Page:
In order to have taxonomic consistency, it is absolutely essential that we strengthen the relationships between ICTV and GenBank. This could be done with an electronic link between TPMS and GenBank, supplemented with improved and regular personal relations. For example, GenBank has appointed virus experts for a number of families of viruses. It would be more efficient to have GenBank somehow linked directly to the SG chairs of ICTV, so that GenBank would get taxonomic experts for advice in virus taxonomy. This, in turn, would provide a more active role for the SG members and would activate the overall system of virus taxonomy.
Due to the rapid increase in the number of TaxoProps and the increasing difficulty in manually handling several thousand taxonomic names, it is planned by ICTV to create a database to handle all ICTV taxa, from inception to acceptance, and from species to order (Fig. (Fig.33).
The goal of the TPMS database is to electronically handle all the virus taxa at large (including virus isolates), i.e., those that have been inherited from previous reports, those that have been approved between 1999 and 2005, those in the process of being approved and those that will be approved in the future.
At any time it will then be possible to:
1- certify the approval status of any TaxoProp
2- elaborate a complete list of approved taxa
3- establish an electronic link with GenBank and all other virus databases
The database will be accessible on line to all ICTV members and to the public at large. The database will comprise a collection of individual files, each one corresponding to a single taxon (order, family, subfamily, genus, and species), and in addition will record isolates. Each TaxoProp will progress from the initial proposal to the approval of the taxon by the ICTV. The bulk of the database will be constituted by all the approved taxa and individual viruses and should be exportable to other databases for future use.
The TaxoProp approval system of ICTV is depicted in Figure Figure4.4. When a TaxoProp form is filed on line, it is then considered by ICTV and becomes "Considered". A TaxoProp will consist of the proposal itself, of arguments provided to support the TaxoProp, and by attached documents to be downloaded by the reader. A unique TaxoProp number will be automatically generated when a form is completed or when a TaxoProp is modified by the author. After consideration, it becomes "Considered", and comments of the ICTV are added on line and available to the public at large. Comments can be added by any virologist and the author of the TaxoProp can respond on line. The change of level will be done through a voting system in which ICTV EC members can view the votes at any time and will be operated by the TPMS curator. When accepted by ICTV, the TaxoProp becomes "Accepted" and comments are no longer added. When the ICTV at large has voted to approve the TaxoProp, it becomes "Voted" and is de facto a ratified taxon of the ICTV.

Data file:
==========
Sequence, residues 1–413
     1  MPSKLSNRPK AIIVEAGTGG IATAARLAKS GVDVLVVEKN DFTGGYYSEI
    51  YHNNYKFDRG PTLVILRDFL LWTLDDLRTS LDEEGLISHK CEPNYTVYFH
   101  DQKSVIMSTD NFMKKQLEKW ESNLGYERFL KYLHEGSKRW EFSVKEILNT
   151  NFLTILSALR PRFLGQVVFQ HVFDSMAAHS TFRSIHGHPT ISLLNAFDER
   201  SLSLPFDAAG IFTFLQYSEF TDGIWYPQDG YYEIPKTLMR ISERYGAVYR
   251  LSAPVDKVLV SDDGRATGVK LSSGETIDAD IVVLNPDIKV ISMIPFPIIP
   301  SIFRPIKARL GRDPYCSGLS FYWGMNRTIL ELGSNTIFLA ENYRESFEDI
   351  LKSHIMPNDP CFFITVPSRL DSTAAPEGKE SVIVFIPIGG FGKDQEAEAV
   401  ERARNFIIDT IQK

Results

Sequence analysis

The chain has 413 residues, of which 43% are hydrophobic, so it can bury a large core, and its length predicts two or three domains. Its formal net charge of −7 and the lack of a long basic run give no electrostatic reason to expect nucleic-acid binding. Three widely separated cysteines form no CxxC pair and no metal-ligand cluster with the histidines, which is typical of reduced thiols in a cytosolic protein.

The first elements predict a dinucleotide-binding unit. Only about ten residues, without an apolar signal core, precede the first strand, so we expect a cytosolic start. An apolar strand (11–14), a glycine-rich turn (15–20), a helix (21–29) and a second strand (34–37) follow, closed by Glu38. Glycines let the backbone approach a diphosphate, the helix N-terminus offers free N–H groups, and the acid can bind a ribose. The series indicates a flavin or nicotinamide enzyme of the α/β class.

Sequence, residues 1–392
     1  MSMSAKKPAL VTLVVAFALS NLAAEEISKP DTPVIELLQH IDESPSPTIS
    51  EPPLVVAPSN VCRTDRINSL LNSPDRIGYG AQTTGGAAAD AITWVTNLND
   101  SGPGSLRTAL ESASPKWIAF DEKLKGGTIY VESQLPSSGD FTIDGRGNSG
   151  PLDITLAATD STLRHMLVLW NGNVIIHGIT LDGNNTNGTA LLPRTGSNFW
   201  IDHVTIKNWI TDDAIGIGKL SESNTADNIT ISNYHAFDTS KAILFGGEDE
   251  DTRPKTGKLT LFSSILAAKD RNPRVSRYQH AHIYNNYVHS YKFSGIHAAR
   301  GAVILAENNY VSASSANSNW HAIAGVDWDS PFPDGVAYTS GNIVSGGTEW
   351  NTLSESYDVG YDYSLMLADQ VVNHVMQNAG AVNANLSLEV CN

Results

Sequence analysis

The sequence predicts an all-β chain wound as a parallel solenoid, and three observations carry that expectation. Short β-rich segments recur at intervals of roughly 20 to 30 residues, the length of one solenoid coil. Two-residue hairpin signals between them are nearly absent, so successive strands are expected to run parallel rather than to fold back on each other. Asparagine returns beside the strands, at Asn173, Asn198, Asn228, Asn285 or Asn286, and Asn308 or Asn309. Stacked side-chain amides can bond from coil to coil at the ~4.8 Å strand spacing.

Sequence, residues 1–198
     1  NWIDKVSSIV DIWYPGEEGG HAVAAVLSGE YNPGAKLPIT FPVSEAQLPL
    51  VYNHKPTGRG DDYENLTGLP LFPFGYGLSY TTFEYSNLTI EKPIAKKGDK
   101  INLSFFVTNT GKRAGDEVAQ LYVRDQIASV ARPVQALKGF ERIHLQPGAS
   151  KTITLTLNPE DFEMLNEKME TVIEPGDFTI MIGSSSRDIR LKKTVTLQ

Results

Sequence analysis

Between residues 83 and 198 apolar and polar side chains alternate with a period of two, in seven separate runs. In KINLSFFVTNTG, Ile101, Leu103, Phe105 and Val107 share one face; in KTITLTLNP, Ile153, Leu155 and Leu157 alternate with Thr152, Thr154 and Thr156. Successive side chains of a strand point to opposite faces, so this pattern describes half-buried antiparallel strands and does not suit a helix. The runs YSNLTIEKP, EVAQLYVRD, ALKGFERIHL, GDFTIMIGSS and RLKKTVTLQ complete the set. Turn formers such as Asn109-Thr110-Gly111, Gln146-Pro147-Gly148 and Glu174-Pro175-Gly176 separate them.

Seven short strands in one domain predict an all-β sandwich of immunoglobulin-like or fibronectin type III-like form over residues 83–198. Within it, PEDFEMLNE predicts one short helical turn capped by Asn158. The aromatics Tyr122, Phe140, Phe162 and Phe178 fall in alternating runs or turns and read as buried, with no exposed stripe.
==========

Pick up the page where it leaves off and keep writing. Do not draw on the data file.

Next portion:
TaxoProps can be filed by any virologist, but it is likely that most will be filed by SG members. There will be a set of TaxoProps to choose from on line according to the sort of taxon proposed: an isolate (although not a formal taxon), a species, a type species, a genus, a subfamily, a family, an order, or any other taxon proposed by any virologist. Higher taxa cannot be proposed unless a lower level has been proposed and accepted. A genus must have a type species and at least one species or a list of species in the genus. Any proposed new taxa must have a name following the ICTV Code .
For each genus, it will be possible to list the species demarcation criteria of that genus for the benefit of the author and readers of the species TaxoProps. These lists will be extracted from the VIIIth Report and from subsequent updates. It is envisioned that these lists of species demarcation criteria will become useful tools for ICTV to search for a better means of making the overall virus taxonomy more uniform in the future.
Although isolates do not comprise formal taxa, recording and listing them are indispensable for the creation of species taxa and also for practical purposes. Virus species being defined from properties of virus isolates, ICTV records the existence of isolates in order to define species. There are no formal rules for naming isolates and, consequently, any name could potentially be accepted. However, it is common sense that these names follow previously established names and follow somewhat virus species names rules to avoid complete chaos [14,9].
TaxoProp species, after being proposed by the SGs, will automatically be reviewed to ensure that they follow the ICTV International Code and, if they do, will automatically be approved electronically. However, a vote by the ICTV membership at large will still be necessary for it to be considered as ratified by the ICTV; this also could be done electronically.